Copyright 2010 Inside Washington Publishers. Reprinted with permission.

Under pressure to make a decision about safe levels of exposure to a flouride-based pesticide, EPA and other agencies are planning comprehensive action to address the risks of a mineral that has long been added to drinking water to improve dental hygiene but which critics fear poses high risks of bone disease.

Lawyers for the Fluoride Action Network, Beyond Pesticides, and Environmental Working Group said in a Nov. 15 letter that they will sue if EPA does not act within 30 days on their years-long request to stay a rule setting safety tolerances for residues of two fluorinated pesticides, sulfuryl fluoride and fluoride anion, on food. “Based on this unfortunate history, my clients’ patience has come to an end . . . EPA’s failure to make . . . a decision will result in our seeking relief in federal court,” the letter says.

The groups’ threat comes after the agency missed its Nov. 4 deadline to respond to the groups’ long-standing request to stay Bush-era rules that set tolerances for the two fluorinated pesticides, sulfuryl fluoride and fluoride anion.

The agency appears to be moving closer to making a decision on the pesticides’ tolerances, having met with representatives of Dow AgroSciences, the registrant, on Nov. 18 and Dec. 1. According to an EPA summary of the Nov. 18, meeting, company representatives presented the agency with new data that could help the agency “evaluate toxicity levels as it would pertain to residues on fumigated commodities, exposure of re-entry and determination of the appropriate . . . safety factor in the tolerance assessment.” Relevant documents are available on

Dow is the registrant for the two pesticides, one of which, sulfuryl fluoride, EPA approved in 2004 for conditional use as a fumigant on a wide variety of foods as an alternative to the ozone-depleting methyl bromide. A spokesman with Dow did not return a request for comment by press time.

In a Sept. 23 letter to the environmentalists’ attorney, Owens said he would be able to provide a “definite and concrete” plan for EPA action, vowing to revise a completed risk assessment for the tolerance decision by Nov. 4.

But after the deadline passed without EPA taking action, the lawyers sent the Nov. 15 letter that they can no longer accept EPA assurances for action.

But EPA is still crafting its response to the groups’ push for action on the tolerance despite promising earlier this year that it would address the issue by Nov. 4 as part of a coordinated interagency effort to address the minerals’ risks, according to a July 20 letter from EPA toxics chief Steve Owens to lawyers for the environmentalists.

“Your demand for action has received the highest attention within the Agency. The Administrator herself has recognized the importance of the fluoride issue and is interested in resolving your objections in the context of working simultaneously with our federal partners to develop a coordinated approach for determining safe levels of fluoride,” Owens said.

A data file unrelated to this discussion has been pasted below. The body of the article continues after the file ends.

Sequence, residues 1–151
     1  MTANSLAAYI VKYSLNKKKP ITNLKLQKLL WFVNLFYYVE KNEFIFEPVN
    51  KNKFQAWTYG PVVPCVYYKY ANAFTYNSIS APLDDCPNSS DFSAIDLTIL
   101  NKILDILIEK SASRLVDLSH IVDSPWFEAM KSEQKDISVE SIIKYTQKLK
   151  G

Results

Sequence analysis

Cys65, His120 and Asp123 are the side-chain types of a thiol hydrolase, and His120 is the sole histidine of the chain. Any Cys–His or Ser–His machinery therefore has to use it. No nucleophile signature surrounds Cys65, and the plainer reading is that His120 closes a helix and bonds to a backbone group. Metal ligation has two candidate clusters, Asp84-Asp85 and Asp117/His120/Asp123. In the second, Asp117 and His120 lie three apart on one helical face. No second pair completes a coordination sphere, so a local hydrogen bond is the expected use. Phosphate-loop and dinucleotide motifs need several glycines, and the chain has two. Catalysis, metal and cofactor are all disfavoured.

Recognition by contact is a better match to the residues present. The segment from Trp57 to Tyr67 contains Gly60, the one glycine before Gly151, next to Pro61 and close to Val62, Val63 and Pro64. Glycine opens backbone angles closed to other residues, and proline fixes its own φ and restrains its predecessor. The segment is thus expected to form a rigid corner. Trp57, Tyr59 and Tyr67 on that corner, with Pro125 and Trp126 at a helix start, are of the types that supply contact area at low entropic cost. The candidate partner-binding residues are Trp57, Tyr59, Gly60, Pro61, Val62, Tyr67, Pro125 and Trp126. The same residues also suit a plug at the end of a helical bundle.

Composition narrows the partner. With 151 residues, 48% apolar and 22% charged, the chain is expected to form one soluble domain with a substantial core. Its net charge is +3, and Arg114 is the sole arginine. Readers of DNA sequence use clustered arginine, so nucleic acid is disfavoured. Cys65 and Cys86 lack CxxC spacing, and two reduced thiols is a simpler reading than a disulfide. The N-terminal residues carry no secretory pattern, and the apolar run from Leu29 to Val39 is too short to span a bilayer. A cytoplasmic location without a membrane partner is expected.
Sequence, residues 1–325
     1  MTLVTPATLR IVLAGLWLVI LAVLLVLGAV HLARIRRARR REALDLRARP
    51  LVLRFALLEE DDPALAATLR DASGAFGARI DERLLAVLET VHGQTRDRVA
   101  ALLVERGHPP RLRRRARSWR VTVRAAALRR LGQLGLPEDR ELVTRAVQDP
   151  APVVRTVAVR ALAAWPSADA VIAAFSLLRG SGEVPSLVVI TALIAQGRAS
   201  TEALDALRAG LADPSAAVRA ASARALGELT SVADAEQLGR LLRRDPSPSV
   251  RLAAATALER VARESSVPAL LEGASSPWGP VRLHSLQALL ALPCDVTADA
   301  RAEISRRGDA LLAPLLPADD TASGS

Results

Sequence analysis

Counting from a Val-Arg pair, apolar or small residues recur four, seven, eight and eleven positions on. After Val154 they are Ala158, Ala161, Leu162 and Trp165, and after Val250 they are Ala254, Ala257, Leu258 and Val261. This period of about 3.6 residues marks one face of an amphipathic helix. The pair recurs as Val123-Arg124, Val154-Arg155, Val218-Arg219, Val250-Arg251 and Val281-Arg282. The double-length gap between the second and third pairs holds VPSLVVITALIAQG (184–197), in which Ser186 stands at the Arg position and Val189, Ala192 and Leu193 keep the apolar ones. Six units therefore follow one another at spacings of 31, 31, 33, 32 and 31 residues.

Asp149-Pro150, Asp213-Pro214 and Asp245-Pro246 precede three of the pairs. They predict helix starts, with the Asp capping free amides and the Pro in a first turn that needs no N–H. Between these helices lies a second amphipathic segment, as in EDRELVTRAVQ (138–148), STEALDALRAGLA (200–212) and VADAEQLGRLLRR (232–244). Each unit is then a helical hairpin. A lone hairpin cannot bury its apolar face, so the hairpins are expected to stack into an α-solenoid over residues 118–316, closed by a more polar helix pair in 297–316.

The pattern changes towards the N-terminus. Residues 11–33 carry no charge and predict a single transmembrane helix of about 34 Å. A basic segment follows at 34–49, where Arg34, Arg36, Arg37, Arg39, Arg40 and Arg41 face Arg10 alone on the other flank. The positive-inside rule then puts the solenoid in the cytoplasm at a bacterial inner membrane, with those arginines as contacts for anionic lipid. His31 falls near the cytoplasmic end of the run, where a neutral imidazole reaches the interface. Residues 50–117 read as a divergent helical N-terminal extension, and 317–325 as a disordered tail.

The informed source said that EPA was considering taking action to address fluoride risks in what would be a “global decision,” indicating it would impact multiple federal agencies. But Owens noted that despite Administrator Lisa Jackson’s interest in addressing the issue, she had been pulled away by competing priorities, such as the Gulf oil spill.

Owens said the agency is coordinating with other federal agencies, including the Department of Health and Human Services (HHS) to assess both “potential toxicities and benefits.”

The agency is re-examining the risks associated with fluoride, a naturally occurring mineral widely used at low doses in dental treatments and in public water systems to prevent tooth decay. The re-evaluation is partially in response to a 2006 National Research Council (NRC) report recommending that EPA strengthen its current drinking water protection goal, known as a maximum contaminant level goal, (MCLG) of 4 milligrams of fluoride per liter (mg/L) of drinking water to protect against adverse health effects.

In response to the NRC recommendations and other recent data on fluoride, EPA met with HHS several times last summer to share preliminary findings on safe levels of fluoride and sources of potential exposure, an agency source says. EPA has also recently completed a new draft risk assessment of fluoride and revised its reference dose (RfD), or estimate of the daily amount of a chemical a human being could ingest over a lifetime without significant adverse effects, but an informed source says the agency has cited difficulty in reaching a unified solution with other agencies.

Senior EPA and HHS officials took up the fluoride evaluation last June, and discussed both the potential toxicities and benefits of the mineral, the EPA source says, building on a body of work that EPA began several years ago following the NRC recommendations.

The inter-agency discussions included topics such as how EPA should do the risk assessment, potential adverse health endpoints, how to adjust a fluoride RfD, how to accurately address fluoride exposures for vulnerable populations, and uncertainties involved in characterizing fluoride risk.

The NRC report concluded that three adverse health effects warranted consideration in developing regulatory standards for high levels of fluoride in drinking water — severe enamel fluorosis, potential risk for bone fractures and the more severe forms of skeletal fluorosis after lifetime exposure. — Bridget DiCosmo